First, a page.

PhotoGRAPHy 101: Week 2

Round-up of week 2 of this challenge and more of my temporary abode. Wi-fi has been in short supply this week mostly due to the corrupt practice that large corporate hotel-chains have of charging exorbitant rates for a connection. Even though we paid for 24 hours in the room, that was restricted to one, yes you read that correctly, one device.  I was able to have an hour free in the lobby with a weak connection. My best connection was in the Customs House library, a lovely place close to the Circular Quays, which was not only free, but also not time restricted.  And, if you are wondering, you also get 45 mins or 300 Mb on the ferries. All of which leads into the first theme of the week:


It seemed appropriate to post an image of Sydney Harbour Bridge aka ‘The Coathanger’ because of its arch-based design, as this iconic bridge connects the north shore and the CBD.


More connections are made at the aforementioned Customs House Library and a rather lovely connection has been made  with a fellow blogger, the irascible ( ;-) )Margaret Rose Stringer who very kindly provided me with a lovely lunch and a good old chin-wag on one of the hottest days in Sydney so far. Arriving hot, sweaty and red in the face she must have thought I was going to expire on her doorstep – blame it on the Pyrmont Bridge I say, which provides no shade whatsoever!


Photographed from various angles I hope you like my perspectives of this instantly recognizable landmark in Sydney.

The Natural World

A trip up to the Blue Mountains has provided the material for this theme, though I could have used any number of photos from this trip so far. As those of you who kindly read this blog will know, I love to play with angles, perspectives and composition as well as seeking out shapes, textures and strong horizontal, vertical and diagonal lines. I have some super city shots that will find themselves in a post at some stage. Meanwhile here is the natural world.

More images of the flora in Australia can be found on my Earth Laughs in Flowers blog where I am challenging my Aussie pals to identify the wonderful varieties they have there.


Today we are asked to consider how photographers ‘draw with light’.  Leaving Shelly Beach in Manly the early evening light cast a warm glow on these sea kayakers.

warmthAnd I can’t resist a photo of another Eastern Water Dragon basking in the warmth of the sun on a rock in the Chinese Friendship Garden.

warmth 2


And finally I leave you with a mysterious art installation in the centre of the CBD.


Hopefully next week I will have a more constant connection and be able to post and comment a bit more, in between finding new subjects to photograph, naturally :)


PhotoGRAPHy 101: Week 1

As I have been travelling for two days during this week I haven’t had the time to register for this challenge  so I am putting together a post to meet the five themes introduced this week and at the same time introduce you to my new neighbourhood (albeit temporary).


HomeSydney, NSW, Australia is home to 4.576 million people and is the most populous city in Australia and Oceania. It is also home to my eldest son and family.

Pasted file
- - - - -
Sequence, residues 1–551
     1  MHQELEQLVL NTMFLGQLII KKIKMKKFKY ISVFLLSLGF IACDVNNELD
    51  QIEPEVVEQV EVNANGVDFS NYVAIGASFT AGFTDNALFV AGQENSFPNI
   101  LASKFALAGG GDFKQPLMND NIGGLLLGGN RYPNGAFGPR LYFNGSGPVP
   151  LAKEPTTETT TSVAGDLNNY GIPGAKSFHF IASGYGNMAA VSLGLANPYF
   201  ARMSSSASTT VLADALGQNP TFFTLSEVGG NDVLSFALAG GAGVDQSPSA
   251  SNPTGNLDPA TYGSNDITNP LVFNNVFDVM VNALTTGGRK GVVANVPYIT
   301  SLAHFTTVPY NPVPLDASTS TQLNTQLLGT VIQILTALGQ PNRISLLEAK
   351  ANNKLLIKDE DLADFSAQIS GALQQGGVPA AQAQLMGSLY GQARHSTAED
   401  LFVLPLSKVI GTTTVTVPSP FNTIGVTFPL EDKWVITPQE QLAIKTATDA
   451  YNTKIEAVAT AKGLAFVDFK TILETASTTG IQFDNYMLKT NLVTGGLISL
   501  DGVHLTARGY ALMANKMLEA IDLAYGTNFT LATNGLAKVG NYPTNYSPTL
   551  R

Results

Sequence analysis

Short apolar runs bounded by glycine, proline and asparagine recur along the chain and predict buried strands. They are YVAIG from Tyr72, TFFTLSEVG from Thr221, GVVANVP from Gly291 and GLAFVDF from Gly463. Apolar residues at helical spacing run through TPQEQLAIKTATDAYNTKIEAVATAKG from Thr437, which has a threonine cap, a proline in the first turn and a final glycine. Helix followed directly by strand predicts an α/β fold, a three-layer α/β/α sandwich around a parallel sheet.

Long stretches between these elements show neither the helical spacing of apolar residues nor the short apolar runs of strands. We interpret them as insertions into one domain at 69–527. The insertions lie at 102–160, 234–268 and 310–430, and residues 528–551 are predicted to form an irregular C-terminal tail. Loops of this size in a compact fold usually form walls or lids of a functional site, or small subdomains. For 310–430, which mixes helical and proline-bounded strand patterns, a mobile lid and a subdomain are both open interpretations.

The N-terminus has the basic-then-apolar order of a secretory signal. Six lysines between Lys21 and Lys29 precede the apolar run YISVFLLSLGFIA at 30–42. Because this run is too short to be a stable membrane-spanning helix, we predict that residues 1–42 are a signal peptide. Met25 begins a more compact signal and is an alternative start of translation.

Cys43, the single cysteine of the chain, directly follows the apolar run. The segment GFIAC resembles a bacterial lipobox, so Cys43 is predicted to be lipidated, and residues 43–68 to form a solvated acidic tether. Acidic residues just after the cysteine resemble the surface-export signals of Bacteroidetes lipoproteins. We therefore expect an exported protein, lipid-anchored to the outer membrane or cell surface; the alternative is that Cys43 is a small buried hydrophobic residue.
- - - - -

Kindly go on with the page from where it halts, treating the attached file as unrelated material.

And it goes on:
Corso in Manly

The Corso in Manly is one of Sydney’s more famous streets and runs from the harbour side at Manly Wharf to the ocean side at Manly Beach. In my image the focus is on the Victorian building on the left of the street with the palm trees and the people forming the background.


Sydneysiders are lucky to have many beautiful beaches on their doorstep. This is the surf at Dee Why, one of the northern beaches. Finding this odd iron piling along the beach I couldn’t decide whether a vertical or horizontal composition suits it best. Which version do you prefer?


Lorenzo in his ‘sunnys’

This theme asks you to consider what the word bliss means.   To me, today, bliss means that first cuddle with a new grandchild. Bliss to him was wearing his shades to block out the glare of that Australian sunshine.



The Manly Scenic Walkway at Shelly Beach. Today we are asked to consider placement of the subject in a photograph. My focus was on the bench, but I waited until a solitary figure appeared on the bend of the track and lined up the horizon with the metal railings to frame the sea from the sky. I was also rather pleased that the bench colour matched the sea and the lines were at a nice angle to the lines of the railings. Often a photo can look to be accidental, but I moved around quite a bit to get this deliberate shot.

All Hallows’ Eve

I’m not a fan of the commercialised Halloween. When I was growing up it barely existed in the UK, although the Christian practice of remembering the dead, including saints (hallows) and martyrs, goes back centuries.  Trick and Treat and dressing up in scary costumes was an American ‘thing’. Instead we looked forward to Bonfire Night on 5 November. With accompanying ‘guy’, fireworks, bonfire toffee, Yorkshire Parkin, baked potatoes, mushy peas and toffee apples.  Weeks before were spent collecting firewood, making the guy and saving pennies to buy sparklers, crackerjacks and catherine wheels.

Remember, remember, the fifth of November.
Gun powder, treason and plot
I see no reason, why gunpowder treason
Should ever be forgot.

But the fifth of November has been overtaken by  Halloween.  A vivid reminder of just how powerfully American culture and American consumerism can be transported across the Atlantic. Local shops create window displays suitable for the season. and now my own grandchildren look forward to dressing up as ghouls and ghosties and knocking on the neighbours doors for a treat.

Me? I just close the curtains and pretend I’m not in.

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